Housing data from the US makes an appearance on the economic calendar today. The sale of new homes in April is expected to rise by 1.7% to bring the annual total to 305,000 units sold from 300,000. However, given that last week saw existing home sales slump over the same period and both building permits and housing starts contract, the possibility that new home sales will fall below expectations is very real. If the outcome comes inline with analysts' expectations then the Greenback is likely to find support, however if the figure falls below the consensus then the currency could see potential weakness.

Monday, 23 May 2011

Foreign Exchange Daily Market Update 23/05/11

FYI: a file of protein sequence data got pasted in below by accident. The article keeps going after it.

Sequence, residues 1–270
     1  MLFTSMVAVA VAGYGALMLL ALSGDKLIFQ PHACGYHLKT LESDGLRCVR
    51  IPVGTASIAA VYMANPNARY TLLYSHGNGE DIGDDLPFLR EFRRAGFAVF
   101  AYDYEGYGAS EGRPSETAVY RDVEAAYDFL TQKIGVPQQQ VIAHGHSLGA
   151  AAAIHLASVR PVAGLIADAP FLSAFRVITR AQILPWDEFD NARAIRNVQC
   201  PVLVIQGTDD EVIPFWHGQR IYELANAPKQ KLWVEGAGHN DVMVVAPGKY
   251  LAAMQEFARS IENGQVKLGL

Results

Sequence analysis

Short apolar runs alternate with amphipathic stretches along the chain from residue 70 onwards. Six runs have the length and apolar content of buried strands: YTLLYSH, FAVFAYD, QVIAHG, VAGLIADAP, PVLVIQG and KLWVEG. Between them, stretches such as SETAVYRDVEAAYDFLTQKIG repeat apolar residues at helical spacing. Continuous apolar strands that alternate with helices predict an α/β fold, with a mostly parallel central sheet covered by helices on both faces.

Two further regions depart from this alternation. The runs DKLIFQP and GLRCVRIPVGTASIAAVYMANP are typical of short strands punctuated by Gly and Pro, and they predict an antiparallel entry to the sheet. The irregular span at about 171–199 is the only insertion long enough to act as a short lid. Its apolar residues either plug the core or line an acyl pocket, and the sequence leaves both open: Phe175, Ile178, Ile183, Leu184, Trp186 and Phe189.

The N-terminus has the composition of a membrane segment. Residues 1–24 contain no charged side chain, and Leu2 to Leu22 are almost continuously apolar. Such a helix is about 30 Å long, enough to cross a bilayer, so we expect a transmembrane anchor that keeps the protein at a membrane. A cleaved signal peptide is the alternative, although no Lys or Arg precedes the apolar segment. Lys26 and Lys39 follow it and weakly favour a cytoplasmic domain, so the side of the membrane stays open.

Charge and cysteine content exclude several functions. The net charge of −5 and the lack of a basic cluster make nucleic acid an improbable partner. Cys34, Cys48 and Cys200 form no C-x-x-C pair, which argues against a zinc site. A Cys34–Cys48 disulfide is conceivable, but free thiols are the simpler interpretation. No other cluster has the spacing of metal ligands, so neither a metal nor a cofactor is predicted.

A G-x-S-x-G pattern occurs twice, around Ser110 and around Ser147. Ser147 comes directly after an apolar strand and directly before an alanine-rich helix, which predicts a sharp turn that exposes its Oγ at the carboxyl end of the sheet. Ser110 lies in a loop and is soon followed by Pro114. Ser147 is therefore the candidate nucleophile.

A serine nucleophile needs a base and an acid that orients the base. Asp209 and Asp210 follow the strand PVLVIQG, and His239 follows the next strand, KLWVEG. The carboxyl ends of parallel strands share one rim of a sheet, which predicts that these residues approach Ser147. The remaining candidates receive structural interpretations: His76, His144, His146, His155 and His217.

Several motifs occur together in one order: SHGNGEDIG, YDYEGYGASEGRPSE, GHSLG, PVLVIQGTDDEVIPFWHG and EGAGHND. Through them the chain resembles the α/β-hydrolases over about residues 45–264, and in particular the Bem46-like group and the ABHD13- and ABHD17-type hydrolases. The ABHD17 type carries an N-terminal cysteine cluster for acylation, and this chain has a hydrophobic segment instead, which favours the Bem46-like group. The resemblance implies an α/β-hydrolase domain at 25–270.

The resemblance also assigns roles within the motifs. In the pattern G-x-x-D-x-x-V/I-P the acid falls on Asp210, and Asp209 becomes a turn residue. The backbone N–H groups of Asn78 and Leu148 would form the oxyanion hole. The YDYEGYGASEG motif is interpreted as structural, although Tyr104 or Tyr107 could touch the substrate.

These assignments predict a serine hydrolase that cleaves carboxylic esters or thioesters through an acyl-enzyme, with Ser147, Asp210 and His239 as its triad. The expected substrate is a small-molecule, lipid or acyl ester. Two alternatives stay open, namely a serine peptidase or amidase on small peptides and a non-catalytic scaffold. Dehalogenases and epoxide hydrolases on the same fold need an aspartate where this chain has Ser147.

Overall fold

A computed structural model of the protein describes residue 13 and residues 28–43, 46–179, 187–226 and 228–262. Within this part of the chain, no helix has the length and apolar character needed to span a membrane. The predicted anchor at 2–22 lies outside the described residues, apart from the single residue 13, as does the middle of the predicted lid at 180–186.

Last week's mix of economic figures produced some choppy price action in the currency exchange market as far as the British Pound was concerned. The currency saw gains on Tuesday when it was announced that Consumer Prices rose by 4.5% year-on-year to beat analysts' expectations for a 4.1% increase. The higher than forecast inflationary data stoked expectations that the Bank of England may raise interest rates later this year, and that policy makers will have take a more hawkish stance towards monetary policy. However on Wednesday, the MPC's minutes showed that the vote to maintain the current base rate of 0.5% remained unchanged at 6-3, with Andrew Sentance, Martin Weale and Spencer Dale being the three to vote for a rate hike. Despite the minutes showing that inflation is expected to hit 5%, most policy makers saw risks to the economic recovery if rates are raised too quickly. As rate hike expectations faded the Pound slipped to this week's low of 1.6105 against the Dollar. The Pound's decline was further aided by April's jobless claims rising by 12,400 in April instead of remaining unchanged as economists had expected. But the Pound didn't remain subdued for long, and received a welcome boost on Thursday with higher than expected retail sales figures for April showing month-on-month growth of 1.1% ahead of the estimates for a mere 0.8%.